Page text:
m
June 13, 2002 1:49:47 PM

But wait, after rereading you original message, I see that you want all apartments to have internet access. Period.

Well, the cable company knows what they can and will do depending on how much cash you throw at them, so my original advice, ask the cable company, still applies.
Let us know what the outcome is.
m
June 13, 2002 1:58:56 PM

you have to connect to a backbone somewhere, you cant just get a bunch of fiber and plug in in at the street corner. they have to plug it in to their switch at the co. you could pay for the fiber yourself but you still need to pay for the wan connection, yearly or monthly.

how do you shoot the devil in the back? what happens if you miss? -verbal
June 13, 2002 2:03:52 PM

is the cable company wiring the entire building already? if so then every one has access right there, they just have to pay the cable company. you cant use their cable to run your own lan, they will not allow it. if you were going to pursue the internet part yourself you will have to get at least a ds3 connection to the building. a t3 isnt going to serve 300 people running ftp servers and leaving file sharing programs on. that is expensive.

how do you shoot the devil in the back? what happens if you miss? -verbal
June 13, 2002 2:07:57 PM

oh, I was under the impression that he wanted the cable company to be his ISP (which I thought they could do).

<i>It's always the one thing you never suspected.</i>
June 13, 2002 2:30:02 PM

REALITY CHECK HERE: Obviously you really don't understand how the networking actually works, each computer will only be allowed a certain amount of access time to the network to accomplish its goals, you'll be better off going with a dial up system you'll get twice the download capability than you'll end up with with 300 networked computers, seeking server rights. There is a big difference between true networking and just splitting up a cable connection.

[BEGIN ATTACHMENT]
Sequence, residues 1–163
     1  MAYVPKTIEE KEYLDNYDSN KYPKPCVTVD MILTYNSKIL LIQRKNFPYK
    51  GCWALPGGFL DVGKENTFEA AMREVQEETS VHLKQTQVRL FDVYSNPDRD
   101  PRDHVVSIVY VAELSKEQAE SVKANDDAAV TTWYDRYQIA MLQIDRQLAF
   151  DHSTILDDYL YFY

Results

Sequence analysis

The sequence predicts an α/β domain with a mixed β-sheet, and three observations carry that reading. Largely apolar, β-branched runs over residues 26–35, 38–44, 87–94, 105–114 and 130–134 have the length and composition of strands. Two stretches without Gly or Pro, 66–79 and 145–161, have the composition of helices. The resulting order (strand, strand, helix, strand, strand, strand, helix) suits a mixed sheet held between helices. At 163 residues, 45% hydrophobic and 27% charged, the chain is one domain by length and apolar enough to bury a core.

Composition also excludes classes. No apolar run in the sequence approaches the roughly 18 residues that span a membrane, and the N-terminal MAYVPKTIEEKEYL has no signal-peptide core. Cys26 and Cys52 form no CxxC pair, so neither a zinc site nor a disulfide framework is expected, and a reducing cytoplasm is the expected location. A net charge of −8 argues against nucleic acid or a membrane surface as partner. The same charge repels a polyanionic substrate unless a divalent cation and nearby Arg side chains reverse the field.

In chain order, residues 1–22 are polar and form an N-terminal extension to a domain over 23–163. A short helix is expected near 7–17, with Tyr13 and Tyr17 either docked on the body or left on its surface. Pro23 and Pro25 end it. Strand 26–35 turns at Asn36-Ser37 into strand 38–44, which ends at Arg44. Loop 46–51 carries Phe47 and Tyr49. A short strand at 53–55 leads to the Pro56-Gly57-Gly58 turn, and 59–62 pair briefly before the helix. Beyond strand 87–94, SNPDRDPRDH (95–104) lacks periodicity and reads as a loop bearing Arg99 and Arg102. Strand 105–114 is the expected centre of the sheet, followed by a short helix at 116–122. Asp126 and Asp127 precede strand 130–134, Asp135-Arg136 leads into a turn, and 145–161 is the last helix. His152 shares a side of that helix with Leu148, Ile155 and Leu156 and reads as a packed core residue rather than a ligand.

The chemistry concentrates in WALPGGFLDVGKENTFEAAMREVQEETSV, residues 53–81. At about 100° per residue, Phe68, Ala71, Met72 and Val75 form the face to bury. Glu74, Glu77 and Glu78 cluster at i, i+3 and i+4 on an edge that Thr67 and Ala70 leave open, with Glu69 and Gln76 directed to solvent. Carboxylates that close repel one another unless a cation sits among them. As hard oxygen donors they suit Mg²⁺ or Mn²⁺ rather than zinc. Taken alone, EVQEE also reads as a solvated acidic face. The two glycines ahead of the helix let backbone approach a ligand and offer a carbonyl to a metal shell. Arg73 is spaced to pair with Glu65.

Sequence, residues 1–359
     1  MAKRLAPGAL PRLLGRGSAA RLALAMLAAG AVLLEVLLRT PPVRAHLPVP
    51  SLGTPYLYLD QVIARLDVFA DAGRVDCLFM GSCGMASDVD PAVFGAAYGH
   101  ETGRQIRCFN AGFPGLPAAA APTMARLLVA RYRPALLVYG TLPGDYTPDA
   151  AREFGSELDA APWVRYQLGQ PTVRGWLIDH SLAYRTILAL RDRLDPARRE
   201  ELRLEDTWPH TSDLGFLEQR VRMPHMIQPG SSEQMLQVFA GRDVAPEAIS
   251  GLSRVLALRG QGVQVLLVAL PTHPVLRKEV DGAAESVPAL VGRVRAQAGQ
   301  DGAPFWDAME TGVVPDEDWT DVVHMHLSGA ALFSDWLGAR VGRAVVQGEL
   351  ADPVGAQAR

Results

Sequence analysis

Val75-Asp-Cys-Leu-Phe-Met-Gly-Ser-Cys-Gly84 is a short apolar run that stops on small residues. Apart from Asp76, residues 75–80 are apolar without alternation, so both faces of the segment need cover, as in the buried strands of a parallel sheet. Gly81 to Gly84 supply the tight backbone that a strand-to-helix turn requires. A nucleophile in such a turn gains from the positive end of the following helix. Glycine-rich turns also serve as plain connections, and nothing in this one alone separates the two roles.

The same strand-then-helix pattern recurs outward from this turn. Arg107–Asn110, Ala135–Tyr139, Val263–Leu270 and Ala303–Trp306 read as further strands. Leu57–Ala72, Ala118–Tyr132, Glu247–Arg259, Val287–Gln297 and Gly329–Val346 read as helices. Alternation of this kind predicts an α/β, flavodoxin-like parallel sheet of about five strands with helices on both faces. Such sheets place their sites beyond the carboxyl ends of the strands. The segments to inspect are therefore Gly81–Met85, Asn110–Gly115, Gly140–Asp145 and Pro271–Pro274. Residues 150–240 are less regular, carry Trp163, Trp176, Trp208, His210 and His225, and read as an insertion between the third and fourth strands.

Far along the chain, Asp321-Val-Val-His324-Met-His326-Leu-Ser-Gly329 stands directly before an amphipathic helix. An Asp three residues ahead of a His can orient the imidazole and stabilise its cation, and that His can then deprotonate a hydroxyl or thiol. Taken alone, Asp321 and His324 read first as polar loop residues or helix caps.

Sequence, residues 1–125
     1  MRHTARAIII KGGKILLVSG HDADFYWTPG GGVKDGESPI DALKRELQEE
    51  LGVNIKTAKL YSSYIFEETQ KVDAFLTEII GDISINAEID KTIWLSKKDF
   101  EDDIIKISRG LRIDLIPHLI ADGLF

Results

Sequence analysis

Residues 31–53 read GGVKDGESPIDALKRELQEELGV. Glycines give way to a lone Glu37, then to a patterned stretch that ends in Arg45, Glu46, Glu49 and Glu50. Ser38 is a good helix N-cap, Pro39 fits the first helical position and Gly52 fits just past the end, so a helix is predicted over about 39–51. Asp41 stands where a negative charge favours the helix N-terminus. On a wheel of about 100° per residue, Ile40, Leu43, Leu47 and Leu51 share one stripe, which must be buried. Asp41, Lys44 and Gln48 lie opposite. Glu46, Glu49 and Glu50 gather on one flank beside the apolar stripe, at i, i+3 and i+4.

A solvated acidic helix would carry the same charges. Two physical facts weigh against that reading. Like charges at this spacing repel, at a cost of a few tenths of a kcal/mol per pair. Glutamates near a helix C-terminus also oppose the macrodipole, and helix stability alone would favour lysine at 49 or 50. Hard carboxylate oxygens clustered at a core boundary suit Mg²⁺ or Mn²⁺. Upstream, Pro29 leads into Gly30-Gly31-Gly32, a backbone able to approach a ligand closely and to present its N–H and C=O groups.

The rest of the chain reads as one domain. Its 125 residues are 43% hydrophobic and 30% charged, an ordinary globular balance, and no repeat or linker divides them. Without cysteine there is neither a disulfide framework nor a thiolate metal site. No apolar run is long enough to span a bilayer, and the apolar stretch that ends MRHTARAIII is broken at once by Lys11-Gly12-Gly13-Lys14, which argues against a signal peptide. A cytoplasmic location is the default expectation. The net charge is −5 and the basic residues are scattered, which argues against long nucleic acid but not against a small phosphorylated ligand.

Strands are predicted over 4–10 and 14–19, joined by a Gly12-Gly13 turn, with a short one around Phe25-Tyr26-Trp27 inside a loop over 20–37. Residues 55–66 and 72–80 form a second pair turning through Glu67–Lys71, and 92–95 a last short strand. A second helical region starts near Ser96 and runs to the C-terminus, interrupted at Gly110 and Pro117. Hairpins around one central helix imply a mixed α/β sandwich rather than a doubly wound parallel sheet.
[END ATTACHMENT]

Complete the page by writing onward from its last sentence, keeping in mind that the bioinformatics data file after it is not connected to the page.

June 13, 2002 2:44:20 PM

i dont know of any cable company that serves buisness class wan connections.

how do you shoot the devil in the back? what happens if you miss? -verbal
June 13, 2002 3:16:22 PM

Yeah, thats what I was unsure of, although I don't know why they don't

<i>It's always the one thing you never suspected.</i>
June 13, 2002 3:38:18 PM

jihiggs
>>you have to connect to a backbone somewhere, you cant just get a bunch of fiber and plug in in at the street corner. they have to plug it in to their switch at the co. you could pay for the fiber yourself but you still need to pay for the wan connection, yearly or monthly.<<
I know that, that's one thing I'm asking. Who would provide that service? Phone company you said before right?

>>you cant use their cable to run your own lan, they will not allow it.<<
They don't own it we do, we are paying for everything.

4ryan6
>>than you'll end up with with 300 networked computers, seeking server rights<<
Couldn't you have clusters rather than all 300 on 1 server? They just all need to connect to a backbone that needs to be big enough to handle us all. Being that I live in NYC with about 2 million other internet users, I would think there's a pretty damn big backbone somewhere we could pay a monthly/yearly fee to connect to. There has to be a way, other buildings and obviously companies have it.